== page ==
NEW YORK (Reuters Health) - That morning cup of coffee may be an antidote to post-exercise muscle soreness, if preliminary research is correct.
In a small study of female college students, researchers found that a caffeine supplement seemed to lessen the familiar muscle pain that crops up the day after a particularly challenging workout.
Known as delayed-onset muscle soreness, or DOMS, the pain is common in the day or two after a workout that was more intense than normal. Exercise that involves eccentric contraction of the muscles is particularly likely to cause delayed muscle pain.
In eccentric contraction, the muscle produces a force while it’s being lengthened. This happens when a person runs downhill, for example, or lowers a weight during a bicep curl.
Exercisers and researchers alike have tried many ways to prevent DOMS -- including over-the-counter painkillers, stretching and massage -- but studies have found no cure-all for the problem.
In the current study, published in the Journal of Pain, researchers at the University of Georgia in Athens looked at the effects of a caffeine supplement on delayed muscle pain in nine young women.
First, in a simulated workout, the researchers used electrical stimulation to produce eccentric contractions in the women’s thigh muscles -- enough to cause moderate day-after soreness.
Next, they repeated the procedure over the next two days, but on each day, the women took either a caffeine pill or placebo pill one hour before the muscle workout. Neither the women nor the researchers knew which pill was given on which day.
Overall, the women reported significantly less muscle soreness during the workout when they took caffeine instead of the placebo. The supplement had about the amount of caffeine found in two cups of coffee.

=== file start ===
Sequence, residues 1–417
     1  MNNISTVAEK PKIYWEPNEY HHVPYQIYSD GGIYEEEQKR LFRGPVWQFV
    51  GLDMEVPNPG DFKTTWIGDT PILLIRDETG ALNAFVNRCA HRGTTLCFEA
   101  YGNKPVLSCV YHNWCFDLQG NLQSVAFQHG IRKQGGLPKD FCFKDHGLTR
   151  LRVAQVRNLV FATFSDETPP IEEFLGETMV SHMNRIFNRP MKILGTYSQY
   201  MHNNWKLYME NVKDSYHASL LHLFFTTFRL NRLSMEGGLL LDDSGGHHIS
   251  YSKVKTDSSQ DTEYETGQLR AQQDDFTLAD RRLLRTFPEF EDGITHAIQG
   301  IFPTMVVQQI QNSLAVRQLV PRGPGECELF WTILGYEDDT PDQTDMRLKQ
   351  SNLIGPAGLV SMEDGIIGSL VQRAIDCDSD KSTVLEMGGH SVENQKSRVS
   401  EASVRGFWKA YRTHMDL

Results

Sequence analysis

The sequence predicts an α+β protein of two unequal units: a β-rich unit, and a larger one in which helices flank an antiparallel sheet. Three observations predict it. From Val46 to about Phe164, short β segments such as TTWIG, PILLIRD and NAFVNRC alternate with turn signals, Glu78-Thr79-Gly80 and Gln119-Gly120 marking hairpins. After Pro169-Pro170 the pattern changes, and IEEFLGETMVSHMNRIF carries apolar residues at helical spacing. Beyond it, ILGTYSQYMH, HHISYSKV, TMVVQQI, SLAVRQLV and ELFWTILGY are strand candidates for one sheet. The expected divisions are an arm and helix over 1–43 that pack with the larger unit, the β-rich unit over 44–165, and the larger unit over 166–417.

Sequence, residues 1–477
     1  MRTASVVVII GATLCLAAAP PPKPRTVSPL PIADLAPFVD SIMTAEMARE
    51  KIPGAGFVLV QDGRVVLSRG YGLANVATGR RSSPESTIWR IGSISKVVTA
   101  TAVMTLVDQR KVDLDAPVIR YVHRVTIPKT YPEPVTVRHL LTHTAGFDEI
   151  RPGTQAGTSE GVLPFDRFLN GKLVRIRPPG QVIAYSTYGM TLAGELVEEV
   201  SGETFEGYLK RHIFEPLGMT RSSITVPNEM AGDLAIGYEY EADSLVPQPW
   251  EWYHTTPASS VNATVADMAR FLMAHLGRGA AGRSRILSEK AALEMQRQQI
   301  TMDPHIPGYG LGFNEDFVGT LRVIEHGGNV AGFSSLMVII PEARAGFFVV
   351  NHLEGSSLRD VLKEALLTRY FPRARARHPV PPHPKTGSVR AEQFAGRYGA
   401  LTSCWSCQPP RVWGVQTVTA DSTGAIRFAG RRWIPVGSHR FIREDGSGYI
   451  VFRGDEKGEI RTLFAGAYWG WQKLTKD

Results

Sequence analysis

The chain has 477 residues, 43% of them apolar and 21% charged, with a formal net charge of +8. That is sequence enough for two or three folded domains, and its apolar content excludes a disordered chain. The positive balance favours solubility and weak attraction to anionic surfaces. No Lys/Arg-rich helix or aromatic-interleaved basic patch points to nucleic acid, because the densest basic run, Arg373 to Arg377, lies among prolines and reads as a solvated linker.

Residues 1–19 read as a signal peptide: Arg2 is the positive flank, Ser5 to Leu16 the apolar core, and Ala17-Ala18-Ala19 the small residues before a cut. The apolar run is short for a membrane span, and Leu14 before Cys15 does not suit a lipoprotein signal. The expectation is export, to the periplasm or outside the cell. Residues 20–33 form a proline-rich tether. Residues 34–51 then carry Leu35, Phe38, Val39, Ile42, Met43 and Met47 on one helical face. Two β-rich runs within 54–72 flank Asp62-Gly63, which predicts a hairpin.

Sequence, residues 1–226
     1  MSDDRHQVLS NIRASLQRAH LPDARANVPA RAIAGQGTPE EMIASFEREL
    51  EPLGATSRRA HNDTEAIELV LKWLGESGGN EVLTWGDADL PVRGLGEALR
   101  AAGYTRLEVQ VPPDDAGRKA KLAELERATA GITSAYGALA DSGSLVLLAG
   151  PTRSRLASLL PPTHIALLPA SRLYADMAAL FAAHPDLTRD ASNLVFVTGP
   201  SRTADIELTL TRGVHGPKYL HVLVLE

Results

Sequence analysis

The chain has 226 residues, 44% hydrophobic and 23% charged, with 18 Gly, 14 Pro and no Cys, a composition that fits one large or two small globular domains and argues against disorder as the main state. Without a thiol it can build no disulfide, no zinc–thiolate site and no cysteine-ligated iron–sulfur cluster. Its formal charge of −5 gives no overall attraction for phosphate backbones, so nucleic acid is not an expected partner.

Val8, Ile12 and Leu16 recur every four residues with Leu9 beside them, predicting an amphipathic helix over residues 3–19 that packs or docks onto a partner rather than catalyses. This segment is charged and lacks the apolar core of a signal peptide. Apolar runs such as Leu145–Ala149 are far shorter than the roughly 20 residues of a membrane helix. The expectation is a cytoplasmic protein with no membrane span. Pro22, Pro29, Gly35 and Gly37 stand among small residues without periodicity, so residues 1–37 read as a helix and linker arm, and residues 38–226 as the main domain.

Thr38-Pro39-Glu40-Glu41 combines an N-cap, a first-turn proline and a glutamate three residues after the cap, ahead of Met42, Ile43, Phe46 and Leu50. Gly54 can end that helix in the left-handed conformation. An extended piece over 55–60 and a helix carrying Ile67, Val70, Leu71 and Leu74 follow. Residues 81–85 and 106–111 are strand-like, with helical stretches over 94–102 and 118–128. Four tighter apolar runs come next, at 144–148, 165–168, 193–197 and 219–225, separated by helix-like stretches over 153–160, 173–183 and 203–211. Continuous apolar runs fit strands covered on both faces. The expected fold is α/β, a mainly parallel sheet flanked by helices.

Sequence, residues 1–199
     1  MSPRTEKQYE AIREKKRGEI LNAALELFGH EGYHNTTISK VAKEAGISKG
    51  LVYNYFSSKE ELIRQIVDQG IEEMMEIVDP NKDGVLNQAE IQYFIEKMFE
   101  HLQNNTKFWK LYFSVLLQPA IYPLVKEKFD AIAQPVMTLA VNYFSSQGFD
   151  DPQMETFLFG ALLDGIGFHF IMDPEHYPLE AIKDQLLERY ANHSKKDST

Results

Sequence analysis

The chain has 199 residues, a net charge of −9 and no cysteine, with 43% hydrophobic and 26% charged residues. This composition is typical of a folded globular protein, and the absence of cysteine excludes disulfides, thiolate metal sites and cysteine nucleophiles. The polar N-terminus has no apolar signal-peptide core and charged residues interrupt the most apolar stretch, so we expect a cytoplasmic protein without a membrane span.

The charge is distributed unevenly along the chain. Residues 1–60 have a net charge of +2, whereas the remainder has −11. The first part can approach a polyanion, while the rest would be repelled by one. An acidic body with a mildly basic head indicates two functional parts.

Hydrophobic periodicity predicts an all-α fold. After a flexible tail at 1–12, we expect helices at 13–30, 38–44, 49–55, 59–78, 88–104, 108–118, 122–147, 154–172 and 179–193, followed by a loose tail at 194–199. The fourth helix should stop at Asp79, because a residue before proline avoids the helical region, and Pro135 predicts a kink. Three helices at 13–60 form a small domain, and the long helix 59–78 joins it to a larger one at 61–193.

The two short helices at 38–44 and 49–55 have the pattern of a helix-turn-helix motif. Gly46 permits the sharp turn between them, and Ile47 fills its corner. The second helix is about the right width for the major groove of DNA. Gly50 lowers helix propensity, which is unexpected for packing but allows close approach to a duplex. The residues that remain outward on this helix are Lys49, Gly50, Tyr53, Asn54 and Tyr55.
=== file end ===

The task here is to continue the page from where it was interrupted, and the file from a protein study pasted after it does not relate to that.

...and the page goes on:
The theory is that caffeine eases delayed muscle pain by blocking the activity of a chemical called adenosine, which is released as part of the inflammatory response to injury. Adenosine can activate pain receptors in body cells, explained Victor Maridakis, the study’s lead author.
In this study, he told Reuters Health, the pain relief with caffeine was stronger than that from painkillers like acetaminophen (Tylenol) and naproxen (Aleve).
Maridakis noted that research into another popular pain reliever, ibuprofen, has shown inconsistent results, and it’s unclear whether the drug -- sold under brand names like Advil and Motrin -- aids delayed muscle soreness.
Before downing a couple cups of joe before your workout, however, Maridakis recommends careful consideration of the possible side effects of caffeine.
“The negative side effects of caffeine are increased feelings of anxiety, heart palpitations, increased blood pressure, upset stomach, increased urination and disrupted sleep,” he explained. “Caution should be used when consuming caffeine so not to exacerbate these side effects.”
Though most people are “normal responders” to caffeine, Maridakis noted, some are hypersensitive to it and are at higher risk of side effects.
On the other end of the spectrum are the caffeine-resistant types. People who drink a couple cups of coffee a day tend to become desensitized to caffeine, the study authors point out, and it’s unclear whether a dose of caffeine would aid their post-workout muscle pain.
SOURCE: Journal of Pain, February 2007.
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